For some reason God hasn't given our family a 100 yard dash adoption journey.  It took 11 1/2 months from start to finish to bring Anna Faith home.  While we were on a set time line and expected our journey to take that long, it still was an agonizing process and the months went by slowly as we waited through paperwork and approvals.  With this adoption, it is even more agonizing.  It has been 7 months now. We don't have to wait on paperwork, we don't wait on approvals, and there is no time line.  There is silence.  Complete and utter silence.  When we explored adopting "L" after hosting her, thinking this may be God's answer to the silence while waiting to adopt domestically, that was also a dead end, at least for several months.  Again, more silence.  She doesn't even communicate with us despite all our attempts to get her to do so.  Now that she is coming back for Christmas, we know decisions will be made after she leaves in January.  This may be followed by more silence or, if she is favorable to it, we can finally begin pursuing her adoption which would begin another long, agonizing international process.

Here's where I apply running to adoption:

-When I run, I must be in shape and know my limitations.  If I run longer than my body can take (like my first 5K in 20 years done from a spontaneous decision) it will damage my body.
Adoption: I must realize I am human. I am a sinner in need of grace.  Coming into the adoption process blindfolded, out of shape spiritually, and unprepared for the difficulties ahead is unwise.  It damages the heart and everyone involved.  We have had our hearts broken.  We have experienced rejection.  Now that we have learned how difficult this journey can be, we are stronger and more prepared to take on the challenges ahead.  Will we get injured again?  Most likely, yes.  But we will be prepared and prayed up more the next time it happens.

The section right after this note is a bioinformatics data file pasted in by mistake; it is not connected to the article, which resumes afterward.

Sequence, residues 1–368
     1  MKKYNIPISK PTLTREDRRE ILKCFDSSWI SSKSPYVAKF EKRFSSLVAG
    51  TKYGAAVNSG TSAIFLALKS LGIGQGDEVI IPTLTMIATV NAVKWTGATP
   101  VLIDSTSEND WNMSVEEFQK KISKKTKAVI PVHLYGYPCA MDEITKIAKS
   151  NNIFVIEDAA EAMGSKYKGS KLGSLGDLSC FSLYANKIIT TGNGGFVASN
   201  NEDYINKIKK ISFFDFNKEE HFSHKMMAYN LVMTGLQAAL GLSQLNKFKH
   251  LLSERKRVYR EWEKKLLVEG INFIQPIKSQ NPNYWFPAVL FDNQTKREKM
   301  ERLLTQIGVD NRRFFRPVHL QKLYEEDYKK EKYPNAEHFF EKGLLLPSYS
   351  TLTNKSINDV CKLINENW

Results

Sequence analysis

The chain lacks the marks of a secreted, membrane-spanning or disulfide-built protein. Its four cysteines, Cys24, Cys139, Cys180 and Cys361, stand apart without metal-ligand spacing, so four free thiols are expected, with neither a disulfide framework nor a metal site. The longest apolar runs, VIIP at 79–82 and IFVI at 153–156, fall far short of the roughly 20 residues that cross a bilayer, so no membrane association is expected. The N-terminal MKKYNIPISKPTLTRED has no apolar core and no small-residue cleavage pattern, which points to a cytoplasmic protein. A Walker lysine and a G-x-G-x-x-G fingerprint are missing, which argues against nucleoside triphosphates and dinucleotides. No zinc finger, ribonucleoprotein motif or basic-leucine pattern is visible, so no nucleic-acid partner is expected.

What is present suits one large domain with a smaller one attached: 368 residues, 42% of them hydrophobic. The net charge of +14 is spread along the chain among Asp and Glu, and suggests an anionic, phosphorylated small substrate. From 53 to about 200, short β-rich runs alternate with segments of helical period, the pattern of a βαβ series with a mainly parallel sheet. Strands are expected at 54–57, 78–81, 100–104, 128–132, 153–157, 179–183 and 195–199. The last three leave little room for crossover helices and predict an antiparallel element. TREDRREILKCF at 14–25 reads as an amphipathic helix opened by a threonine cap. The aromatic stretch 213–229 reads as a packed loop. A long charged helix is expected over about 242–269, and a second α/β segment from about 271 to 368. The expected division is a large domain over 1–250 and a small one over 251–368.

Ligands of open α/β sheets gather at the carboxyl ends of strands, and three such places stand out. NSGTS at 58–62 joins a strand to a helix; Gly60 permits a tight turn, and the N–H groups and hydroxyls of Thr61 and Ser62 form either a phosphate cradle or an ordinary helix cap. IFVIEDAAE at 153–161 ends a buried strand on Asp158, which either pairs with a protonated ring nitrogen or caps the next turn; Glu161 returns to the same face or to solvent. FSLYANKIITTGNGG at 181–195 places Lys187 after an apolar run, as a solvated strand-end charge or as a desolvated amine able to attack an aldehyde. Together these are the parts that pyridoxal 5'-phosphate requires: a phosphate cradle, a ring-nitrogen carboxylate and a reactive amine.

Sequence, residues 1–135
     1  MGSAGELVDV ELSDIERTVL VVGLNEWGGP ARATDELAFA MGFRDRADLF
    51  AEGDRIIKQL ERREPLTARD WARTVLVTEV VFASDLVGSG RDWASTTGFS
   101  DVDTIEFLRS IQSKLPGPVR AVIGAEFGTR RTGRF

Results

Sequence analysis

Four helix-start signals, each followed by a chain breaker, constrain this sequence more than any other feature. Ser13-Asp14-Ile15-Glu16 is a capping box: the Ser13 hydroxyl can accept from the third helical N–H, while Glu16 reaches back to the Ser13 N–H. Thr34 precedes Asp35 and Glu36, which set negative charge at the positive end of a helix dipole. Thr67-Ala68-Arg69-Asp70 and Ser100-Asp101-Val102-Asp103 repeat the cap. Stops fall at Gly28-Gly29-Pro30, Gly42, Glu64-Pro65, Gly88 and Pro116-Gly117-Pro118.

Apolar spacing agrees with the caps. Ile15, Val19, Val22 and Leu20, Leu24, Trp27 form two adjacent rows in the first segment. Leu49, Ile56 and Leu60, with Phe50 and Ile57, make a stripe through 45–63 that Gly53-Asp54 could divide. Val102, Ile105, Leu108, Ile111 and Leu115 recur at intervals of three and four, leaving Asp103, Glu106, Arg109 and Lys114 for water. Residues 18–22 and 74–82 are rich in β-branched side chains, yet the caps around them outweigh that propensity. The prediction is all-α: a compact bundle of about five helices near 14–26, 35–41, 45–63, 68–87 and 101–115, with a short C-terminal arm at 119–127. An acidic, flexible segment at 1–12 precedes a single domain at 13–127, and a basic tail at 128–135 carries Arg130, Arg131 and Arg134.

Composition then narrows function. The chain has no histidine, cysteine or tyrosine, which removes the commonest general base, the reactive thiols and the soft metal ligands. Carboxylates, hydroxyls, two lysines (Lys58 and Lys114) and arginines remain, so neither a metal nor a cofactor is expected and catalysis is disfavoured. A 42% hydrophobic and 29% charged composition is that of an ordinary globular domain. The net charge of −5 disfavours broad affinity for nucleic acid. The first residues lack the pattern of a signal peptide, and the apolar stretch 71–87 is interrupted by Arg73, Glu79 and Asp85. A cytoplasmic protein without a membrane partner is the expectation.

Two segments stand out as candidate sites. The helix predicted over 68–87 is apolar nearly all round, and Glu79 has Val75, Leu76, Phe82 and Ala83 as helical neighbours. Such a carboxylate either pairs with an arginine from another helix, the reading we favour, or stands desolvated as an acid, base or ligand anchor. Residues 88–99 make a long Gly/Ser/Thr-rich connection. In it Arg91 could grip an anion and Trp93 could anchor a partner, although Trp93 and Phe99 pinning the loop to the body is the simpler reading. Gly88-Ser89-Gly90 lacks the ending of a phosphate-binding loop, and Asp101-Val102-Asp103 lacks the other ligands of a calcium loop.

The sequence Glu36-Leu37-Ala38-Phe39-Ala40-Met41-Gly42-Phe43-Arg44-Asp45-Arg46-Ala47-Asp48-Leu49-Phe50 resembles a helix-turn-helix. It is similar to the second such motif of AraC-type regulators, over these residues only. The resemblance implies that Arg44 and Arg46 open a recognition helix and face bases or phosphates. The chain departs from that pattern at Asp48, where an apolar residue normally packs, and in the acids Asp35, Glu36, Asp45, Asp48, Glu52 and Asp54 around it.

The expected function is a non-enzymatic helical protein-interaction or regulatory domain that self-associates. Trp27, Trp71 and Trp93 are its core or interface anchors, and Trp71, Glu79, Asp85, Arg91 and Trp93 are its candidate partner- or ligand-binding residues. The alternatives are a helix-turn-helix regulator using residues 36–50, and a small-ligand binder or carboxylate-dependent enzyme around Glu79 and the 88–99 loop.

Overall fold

-When I run, I don't look back.  Looking back messes up my focus and slows me down.
 Adoption: Don't regret past decisions made.  Don't keep your eyes off the end.  God will complete what He has begun, and turning your eyes off it will only lead to discouragement and anxiety.

-When I run, I don't slow down.  I run a steady rhythm, only speeding up at the end so I can finish well.  This is what my coach taught me to do, as many runners slow down near the end and I can pick them off and finish even better.
Adoption:  Keep pushing, realizing it is a long journey.  Be patient, and know that the end will come when the timing is right.

-When I run, I focus on my breathing.  Getting the much needed oxygen to my muscles to keep me going is key to not wearing out.
Adoption:  My oxygen is my relationship with God.  Getting in His Word, claiming His promises, bringing my requests to Him daily, and asking for His grace to get through the discouraging and dark times are vital to continuing the adoption process.  Without His strength to go on, my "muscles" will give out and I'll stop running.  I'll want to give up and quit.

Maybe your race isn't an adoption journey.  Maybe it's cancer, a chronic illness, getting through school, a difficult relationship, preparing for ministry and not knowing when there will be a breakthrough and open door to walk into.
Not all of us are given 100 yard dashes.  We don't understand God's reasons, and even when we get to the finish line, we still may not understand why the race had to be so long and hard.
But God knows, and He can be trusted.
With His strength, we will endure.  We will finish.  We will complete the race.

Hebrews 12:1
Therefore, since we have so great a cloud of witnesses surrounding us, let us also lay aside every encumbrance and the sin which so easily entangles us, and let us run with endurance the race that is set before us